I think it's likely to be important for macros to be able to introduce extensions. I suspect a peer-declaration macro will be able to do it, but I want to dig into the implementation further to be sure.

Yes, that should be fine.

Doug

2 Likes

I think there's an unstated "if you're used to working on a compiler" after "straightforward", but maybe that's totally fine. If the goal here was to turn Swift into a Lisp and have writing macros be a normal thing that every developer does on a regular basis then I don't think this approach would work at all, but with macros intended to be a rarer thing then my concern is more around how easy it is to understand what the macro is doing without prior experience and this seems fine on that front.

Removing the need for the trivia manipulation would probably help quite a bit with that too; if you're used to looking at code using SwiftSyntax I assume your eyes just automatically skip all of the withoutTrivia() etc. calls, but for someone new to it that's a lot of extra incidental code to read on the way to understanding what's actually happening.

5 Likes

Definitely. I probably spent a quarter of my time on this messing with trivia :slight_smile:. It's something we can improve on via the swift-syntax APIs over time.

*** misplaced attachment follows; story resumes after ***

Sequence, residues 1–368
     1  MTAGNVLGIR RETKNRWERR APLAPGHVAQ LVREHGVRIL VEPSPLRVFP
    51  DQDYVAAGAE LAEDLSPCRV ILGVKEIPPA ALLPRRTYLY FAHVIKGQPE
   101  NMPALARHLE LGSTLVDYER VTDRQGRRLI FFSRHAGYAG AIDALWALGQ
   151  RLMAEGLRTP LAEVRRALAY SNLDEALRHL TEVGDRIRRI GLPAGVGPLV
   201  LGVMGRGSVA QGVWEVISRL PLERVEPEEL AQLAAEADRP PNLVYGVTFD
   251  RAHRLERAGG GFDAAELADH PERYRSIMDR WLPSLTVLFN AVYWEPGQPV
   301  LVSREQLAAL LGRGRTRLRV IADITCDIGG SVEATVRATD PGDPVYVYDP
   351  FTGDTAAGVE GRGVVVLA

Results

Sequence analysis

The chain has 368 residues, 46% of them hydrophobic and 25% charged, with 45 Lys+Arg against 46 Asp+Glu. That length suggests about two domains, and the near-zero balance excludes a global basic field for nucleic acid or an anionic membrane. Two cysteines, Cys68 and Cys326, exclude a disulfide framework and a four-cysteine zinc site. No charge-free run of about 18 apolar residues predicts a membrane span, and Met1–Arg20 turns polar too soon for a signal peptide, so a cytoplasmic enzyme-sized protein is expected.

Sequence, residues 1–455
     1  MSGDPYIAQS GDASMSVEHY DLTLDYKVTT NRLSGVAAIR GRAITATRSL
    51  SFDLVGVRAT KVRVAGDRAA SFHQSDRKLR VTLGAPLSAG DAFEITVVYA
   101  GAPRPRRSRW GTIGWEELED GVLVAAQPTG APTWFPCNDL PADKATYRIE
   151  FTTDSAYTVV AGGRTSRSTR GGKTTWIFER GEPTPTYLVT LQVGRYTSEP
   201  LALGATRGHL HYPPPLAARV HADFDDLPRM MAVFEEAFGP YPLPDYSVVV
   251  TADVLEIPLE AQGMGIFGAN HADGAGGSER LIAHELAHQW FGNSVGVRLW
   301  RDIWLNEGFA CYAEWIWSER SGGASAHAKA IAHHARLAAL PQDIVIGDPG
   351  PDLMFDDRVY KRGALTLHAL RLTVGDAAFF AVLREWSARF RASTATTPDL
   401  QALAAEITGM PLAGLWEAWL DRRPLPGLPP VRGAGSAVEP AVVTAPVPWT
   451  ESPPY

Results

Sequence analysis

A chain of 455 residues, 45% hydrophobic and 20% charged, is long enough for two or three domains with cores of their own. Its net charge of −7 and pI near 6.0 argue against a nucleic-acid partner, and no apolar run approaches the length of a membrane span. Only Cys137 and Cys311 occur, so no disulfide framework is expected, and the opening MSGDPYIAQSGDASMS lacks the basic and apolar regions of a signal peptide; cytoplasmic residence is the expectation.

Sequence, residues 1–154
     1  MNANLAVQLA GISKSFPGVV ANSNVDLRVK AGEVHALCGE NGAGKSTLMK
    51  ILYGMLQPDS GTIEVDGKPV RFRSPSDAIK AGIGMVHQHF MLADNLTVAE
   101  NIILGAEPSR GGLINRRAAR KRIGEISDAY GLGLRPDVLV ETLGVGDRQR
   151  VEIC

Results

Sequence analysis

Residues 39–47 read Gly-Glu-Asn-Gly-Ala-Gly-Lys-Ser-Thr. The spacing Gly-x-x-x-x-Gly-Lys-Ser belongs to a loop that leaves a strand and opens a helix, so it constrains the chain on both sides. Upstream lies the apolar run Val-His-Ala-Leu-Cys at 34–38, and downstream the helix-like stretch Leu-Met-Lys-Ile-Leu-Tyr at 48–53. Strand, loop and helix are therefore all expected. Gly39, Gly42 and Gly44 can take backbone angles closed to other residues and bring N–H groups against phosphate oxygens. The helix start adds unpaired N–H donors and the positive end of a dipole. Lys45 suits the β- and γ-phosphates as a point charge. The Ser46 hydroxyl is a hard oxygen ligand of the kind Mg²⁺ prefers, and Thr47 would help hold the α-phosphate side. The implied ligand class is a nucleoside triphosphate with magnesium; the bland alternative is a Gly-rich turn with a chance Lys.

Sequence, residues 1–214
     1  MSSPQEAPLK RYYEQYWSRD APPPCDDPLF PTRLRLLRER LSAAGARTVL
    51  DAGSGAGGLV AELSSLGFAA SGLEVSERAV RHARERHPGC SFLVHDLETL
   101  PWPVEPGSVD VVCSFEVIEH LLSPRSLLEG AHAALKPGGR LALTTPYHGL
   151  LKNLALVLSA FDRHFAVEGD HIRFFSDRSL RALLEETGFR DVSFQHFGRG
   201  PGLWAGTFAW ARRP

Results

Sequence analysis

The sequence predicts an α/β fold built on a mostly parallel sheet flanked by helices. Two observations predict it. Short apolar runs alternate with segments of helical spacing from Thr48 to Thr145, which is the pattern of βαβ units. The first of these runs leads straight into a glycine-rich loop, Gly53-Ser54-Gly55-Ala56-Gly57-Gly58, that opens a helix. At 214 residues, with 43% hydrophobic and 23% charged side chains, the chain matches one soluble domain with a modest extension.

Doug

Hey all,

I appreciate all of the design discussion here! I've gone ahead and revised the pitch. The changes are, roughly:

  • Split peer/member/accessor macro implementations into separate protocols and attribute spellings, so the compiler can query them in a more fine-grained manner.
  • Removed function-body macros... for the moment. We'll come back to them.
  • Add example showing composition of different macro roles for the same macro to effect property-wrappers behavior.

That last example is really fun. Alongside this, @hborla and I have prototyped some of these syntactic transformations in swift-syntax, and @rxwei has made progress on an implementation of freestanding macros in the compiler:

EDIT: Lots more interesting cases to consider, so I've updated the document again with:

  • "Body" macros to supply or alter the body of a function/initializer/accessor/closure.
  • Default-witness macros to help with synthesis of protocols.
  • Member-attribute macros to allow one to add attributes to the members of a type/extension.

This is too big for one proposal, but I'd rather not trickle out ideas one-by-one. Rather, there's a lot in here covering a large space of what is possible, and we can tease it apart later into more-easily-reviewable chunks.

Doug

10 Likes

The changes look really great! Thank you! Some remarks:

  • The peersOf:, membersOf:, accessorsOf:, bodyOf: and memberAttributesOf: labels sound a bit clunky to me. They prevent the function to be read like a sentence. Maybe providingPeersOf: or generatingPeersOf: would be a better fit?